IRS Announces New Retirement Plan Guidance for Voluntary Correction Program (VCP) Applications

12.05.2018

For HR offices, December is typically a time to recover from open enrollment, tie up loose ends, and look forward to 2019. Lost in the busyness of the last few months may have been some retirement plan guidance from the Internal Revenue Service regarding its Employee Plans Compliance Resolutions System (EPCRS). In Revenue Procedure 2018-52 (September 28, 2018), the IRS has outlined new filing requirements for its Voluntary Correction Program. This guidance essentially amends and restates Rev. Proc. 2016-51, which, as described below, will have limited applicability after December 31, 2018.

Most importantly, the IRS announced that it is moving towards electronic filings of its Voluntary Correction Program applications. Effective April 1, 2019, electronic filing of VCP submissions will be mandatory. From January 1, 2019, through March 31, 2019, VCP applications may be made either on paper or electronically using the new procedures. During this interim period, paper filers must rely on Rev. Proc. 2016-51, while electronic filers must rely on Rev. Proc. 2018-52. The IRS also has published different forms, depending on whether the applicant is using paper or electronic filings.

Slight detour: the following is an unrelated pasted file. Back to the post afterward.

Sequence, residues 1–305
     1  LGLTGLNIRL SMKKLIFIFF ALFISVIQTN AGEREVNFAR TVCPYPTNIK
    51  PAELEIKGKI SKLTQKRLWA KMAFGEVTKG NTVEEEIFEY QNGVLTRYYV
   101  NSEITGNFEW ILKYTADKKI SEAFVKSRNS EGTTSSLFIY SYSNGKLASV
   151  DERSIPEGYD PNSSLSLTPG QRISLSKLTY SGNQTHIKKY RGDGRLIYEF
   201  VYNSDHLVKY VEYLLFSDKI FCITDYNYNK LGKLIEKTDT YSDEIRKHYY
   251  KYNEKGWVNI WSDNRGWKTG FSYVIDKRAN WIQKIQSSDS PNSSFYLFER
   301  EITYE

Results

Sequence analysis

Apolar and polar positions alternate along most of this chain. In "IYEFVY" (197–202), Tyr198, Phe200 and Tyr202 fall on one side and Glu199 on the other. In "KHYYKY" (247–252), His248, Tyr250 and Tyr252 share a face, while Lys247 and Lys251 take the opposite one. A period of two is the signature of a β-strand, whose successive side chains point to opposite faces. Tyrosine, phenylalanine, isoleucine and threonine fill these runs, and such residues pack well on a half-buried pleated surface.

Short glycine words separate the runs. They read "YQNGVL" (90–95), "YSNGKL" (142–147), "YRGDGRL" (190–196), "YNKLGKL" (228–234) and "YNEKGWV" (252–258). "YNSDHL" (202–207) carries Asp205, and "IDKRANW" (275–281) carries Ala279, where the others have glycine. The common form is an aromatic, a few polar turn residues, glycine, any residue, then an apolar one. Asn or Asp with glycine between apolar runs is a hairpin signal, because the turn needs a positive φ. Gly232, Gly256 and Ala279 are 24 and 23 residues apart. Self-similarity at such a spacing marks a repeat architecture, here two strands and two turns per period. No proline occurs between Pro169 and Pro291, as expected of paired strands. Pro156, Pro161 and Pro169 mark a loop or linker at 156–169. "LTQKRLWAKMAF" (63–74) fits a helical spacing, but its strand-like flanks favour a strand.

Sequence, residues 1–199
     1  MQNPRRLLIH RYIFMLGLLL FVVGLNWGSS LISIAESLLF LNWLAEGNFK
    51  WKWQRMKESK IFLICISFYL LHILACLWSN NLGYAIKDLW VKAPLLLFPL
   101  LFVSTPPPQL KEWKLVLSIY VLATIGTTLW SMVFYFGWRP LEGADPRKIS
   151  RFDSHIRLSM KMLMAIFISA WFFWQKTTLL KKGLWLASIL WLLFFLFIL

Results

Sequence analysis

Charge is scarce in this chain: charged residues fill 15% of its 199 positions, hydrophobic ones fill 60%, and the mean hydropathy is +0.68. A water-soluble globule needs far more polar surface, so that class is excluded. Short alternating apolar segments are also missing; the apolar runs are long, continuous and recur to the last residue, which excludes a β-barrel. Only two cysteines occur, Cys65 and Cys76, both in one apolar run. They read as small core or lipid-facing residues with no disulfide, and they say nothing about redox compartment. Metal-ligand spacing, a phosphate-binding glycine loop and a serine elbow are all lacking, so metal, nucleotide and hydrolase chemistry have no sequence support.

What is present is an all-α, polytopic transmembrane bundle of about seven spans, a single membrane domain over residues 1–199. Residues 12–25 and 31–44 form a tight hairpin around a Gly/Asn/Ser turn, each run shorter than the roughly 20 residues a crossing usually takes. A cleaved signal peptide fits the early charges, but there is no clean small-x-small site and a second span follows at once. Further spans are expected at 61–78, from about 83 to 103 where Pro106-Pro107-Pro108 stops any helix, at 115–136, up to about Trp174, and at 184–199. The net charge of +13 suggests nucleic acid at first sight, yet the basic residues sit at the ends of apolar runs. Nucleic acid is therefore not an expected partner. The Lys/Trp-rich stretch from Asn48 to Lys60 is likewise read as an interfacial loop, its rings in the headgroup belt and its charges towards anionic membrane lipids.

While these filing changes are largely procedural in nature, note that filers may have significant motivation to favor one method over the other. For example, files larger than 15MB cannot be processed by the IRS’ electronic system, so a portion of the documentation for larger submissions must be provided by fax. This limitation could lead to significant difficulty and confusion for larger, more complex applications. Additionally, note that while authorized representatives will be able to file applications directly, direct filing will now require new forms, including a special penalty of perjury statement signed by the plan sponsor, as well as new payment procedures.

The guidance also provides some limited direction regarding modifications to existing submissions. A filer seeking to amend or modify a filing will need to call the VCP information line to discuss how the additional or revised documents should be sent. Additionally, the new guidance makes clear that an agent may approve a submission without any direct contact with the person who made the submission. In this case, any modifications would have to be submitted as a new filing, incurring an additional fee.

On December 12, 2018, we will dive into these issues in greater depth in Charleston, at a breakfast briefing and roundtable discussion hosted by Nexsen Pruet. In addition to this new guidance, we will be discussing retirement plan best practices for correcting errors, as well as self-auditing techniques. You will find the invitation here.

RSVP to the briefing.


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